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Bob Mason
Growing Euro notes arrows over the flag of European Union.

Economic Calendar:

Wednesday, 27th January

GfK German Consumer Climate (Feb)

Thursday, 28th January

German CPI (MoM) (Jan) Prelim

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Friday, 29th January

French Consumer Spending (MoM) (Dec)

French GDP (QoQ) (Q4) 1st Estimate

Spanish GDP (QoQ) (Q4) 1st Estimate

Spanish CPI (YoY) (Jan) Prelim

German GDP (QoQ) (Q4)

German Unemployment Change (Jan)

German Unemployment Rate (Jan)

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The Majors

It was a bullish day for the European majors on Tuesday. The DAX30 rallied by 1.66%, with the CAC40 and the EuroStoxx600 rising by 0.93 and by 0.63% respectively.

There were no stats to provide the European majors with direction on the day. The lack of stats left the markets in the hands of corporate earnings and the IMF on the day.

Impressive earnings results from UBS and upward revisions to the IMF’s 2020 and 2021 growth forecasts supported the majors.

According to the IMF Outlook Update, the U.S economy is forecast to growth by 5.1% in 2021, which was revised up from a projection of 3.1% in October. For 2020, the IMF estimates a contraction of 3.4%, revised up from a 4.3% contraction forecast back in October.

Germany is projected to see growth of 3.5% in 2021 (previous 4.2%), with France’s economy to expand by 5.5% (previous 6.0%).

For 2020 estimates, Germany’s economy is estimated to have contacted by 5.4%, an upward revision from an projected 6% contraction in October.

While still dire reading, France’s economy is estimated to have contracted by 9.0% in 2020. In October the IMF had projected a contraction of 9.8%.

The upside for the majors came in spite of EU member states rolling out containment measures to limit the spread of new COVID-19 strains.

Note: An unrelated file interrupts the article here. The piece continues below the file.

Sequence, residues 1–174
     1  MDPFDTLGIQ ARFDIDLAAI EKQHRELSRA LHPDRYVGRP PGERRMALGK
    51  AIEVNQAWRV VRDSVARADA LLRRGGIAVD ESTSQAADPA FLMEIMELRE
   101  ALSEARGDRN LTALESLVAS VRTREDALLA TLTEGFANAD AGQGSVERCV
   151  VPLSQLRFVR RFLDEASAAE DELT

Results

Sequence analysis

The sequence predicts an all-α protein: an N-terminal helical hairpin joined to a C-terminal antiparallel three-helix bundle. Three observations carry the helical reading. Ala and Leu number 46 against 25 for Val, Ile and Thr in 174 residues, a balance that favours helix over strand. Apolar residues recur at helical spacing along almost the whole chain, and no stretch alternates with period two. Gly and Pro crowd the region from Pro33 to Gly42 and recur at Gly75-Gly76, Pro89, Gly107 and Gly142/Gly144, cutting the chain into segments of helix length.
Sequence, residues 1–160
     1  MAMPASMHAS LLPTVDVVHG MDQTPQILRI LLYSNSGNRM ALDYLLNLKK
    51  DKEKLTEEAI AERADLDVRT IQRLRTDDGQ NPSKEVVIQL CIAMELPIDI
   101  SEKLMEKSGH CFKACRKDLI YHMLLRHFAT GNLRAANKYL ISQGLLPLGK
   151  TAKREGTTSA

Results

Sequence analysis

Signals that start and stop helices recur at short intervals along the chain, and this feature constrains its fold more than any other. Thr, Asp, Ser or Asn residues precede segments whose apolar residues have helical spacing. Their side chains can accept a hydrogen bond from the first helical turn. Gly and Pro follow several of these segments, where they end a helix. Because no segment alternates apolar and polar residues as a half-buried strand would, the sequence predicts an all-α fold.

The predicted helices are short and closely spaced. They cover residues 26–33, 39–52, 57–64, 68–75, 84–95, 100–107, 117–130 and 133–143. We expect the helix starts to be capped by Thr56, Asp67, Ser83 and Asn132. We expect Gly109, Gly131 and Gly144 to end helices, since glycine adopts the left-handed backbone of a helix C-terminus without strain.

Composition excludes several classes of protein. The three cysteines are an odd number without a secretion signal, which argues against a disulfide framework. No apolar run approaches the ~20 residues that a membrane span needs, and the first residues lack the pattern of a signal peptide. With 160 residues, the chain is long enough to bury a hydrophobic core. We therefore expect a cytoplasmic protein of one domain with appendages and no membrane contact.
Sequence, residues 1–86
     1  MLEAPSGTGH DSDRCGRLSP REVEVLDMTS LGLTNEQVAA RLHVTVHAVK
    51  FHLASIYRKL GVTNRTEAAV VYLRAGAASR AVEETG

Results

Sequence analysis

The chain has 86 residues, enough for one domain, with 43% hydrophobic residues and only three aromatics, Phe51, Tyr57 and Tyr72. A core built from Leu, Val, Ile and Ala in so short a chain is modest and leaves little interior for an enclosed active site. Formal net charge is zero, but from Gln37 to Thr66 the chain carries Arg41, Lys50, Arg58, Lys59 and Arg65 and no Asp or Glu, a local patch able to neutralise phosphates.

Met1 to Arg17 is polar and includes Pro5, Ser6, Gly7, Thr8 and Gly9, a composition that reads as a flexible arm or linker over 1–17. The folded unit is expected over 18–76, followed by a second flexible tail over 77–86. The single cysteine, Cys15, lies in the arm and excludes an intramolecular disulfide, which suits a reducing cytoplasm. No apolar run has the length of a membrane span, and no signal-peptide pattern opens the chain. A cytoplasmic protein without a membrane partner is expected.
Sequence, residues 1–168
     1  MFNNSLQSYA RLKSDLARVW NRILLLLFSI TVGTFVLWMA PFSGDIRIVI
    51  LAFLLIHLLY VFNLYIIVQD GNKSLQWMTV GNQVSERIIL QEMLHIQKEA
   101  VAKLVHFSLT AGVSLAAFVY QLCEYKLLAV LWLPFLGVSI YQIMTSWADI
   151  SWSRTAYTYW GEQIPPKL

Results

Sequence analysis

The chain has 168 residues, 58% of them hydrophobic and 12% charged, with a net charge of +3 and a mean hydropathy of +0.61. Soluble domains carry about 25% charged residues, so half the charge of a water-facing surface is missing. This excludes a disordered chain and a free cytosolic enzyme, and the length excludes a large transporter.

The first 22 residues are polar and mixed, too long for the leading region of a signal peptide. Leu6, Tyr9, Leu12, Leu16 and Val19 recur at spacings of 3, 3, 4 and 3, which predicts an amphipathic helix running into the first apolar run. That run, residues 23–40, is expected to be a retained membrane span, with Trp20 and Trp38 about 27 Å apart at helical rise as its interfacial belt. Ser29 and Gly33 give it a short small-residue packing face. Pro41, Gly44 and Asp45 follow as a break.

The Stats

It was a particularly quiet day on the economic calendar. There were no material stats from the Eurozone to provide the European majors with direction.

From the U.S

It was a relatively quiet day on the U.S economic calendar.

In January, the CB Consumer Confidence Index rose from 87.1 to 89.3, coming in ahead of a forecasted increase to 89.0. The Present Situation Index fell from 87.2 to 84.4, while the expectations Index increased from 87.0 to 92.5.

The Market Movers

For the DAX: It was a bullish day for the auto sector on Tuesday. BMW and Continental rose by 2.22% and by 1.92%, with Daimler and Volkswagen gaining 1.79% and 1.63% respectively.

It was also a bullish day for the banks. Deutsche Bank rose by 1.34%, with Commerzbank rallying by 2.80%.

From the CAC, it was a bullish day for the banks. BNP Paribas and Credit Agricole rose by 1.84% and by 1.83% respectively, with Soc Gen rallying by 2.37%.

It was also a bullish day for the French auto sector. Stellantis NV and Renault saw gains of 1.84% and 3.25% respectively.

Air France-KLM reversed Monday’s 3.28% loss with a 4.24% gain, while Airbus SE ending the day up by just 0.49%.

On the VIX Index

It was back into the red for the VIX on Tuesday, ending a run of 2 consecutive days in the green. Partially reversing a 5.84% gain from Monday, the VIX fell by 0.73% to end the day at 23.02.

The modest loss on the day came in spite of the S&P500 ending the day in the red on Tuesday.

The Dow and the NASDAQ both fell by 0.07%, with the S&P500 declining by 0.15%.

The Day Ahead

It’s a relatively quiet day ahead on the economic calendar. February consumer confidence figures for Germany are due out later this morning.

Following disappointing business sentiment figures, a marked decline in confidence would be another negative for the DAX30.

From the U.S, durable goods and core durable goods orders will also be in focus late in the session.

Away from the economic calendar, expect corporate earnings, COVID-19 news, and chatter from Capitol Hill to also provide direction.

The Futures

In the futures markets, at the time of writing, the Dow Mini was up by 9 points, while the DAX was down by 14 points.

For a look at all of today’s economic events, check out our economic calendar.

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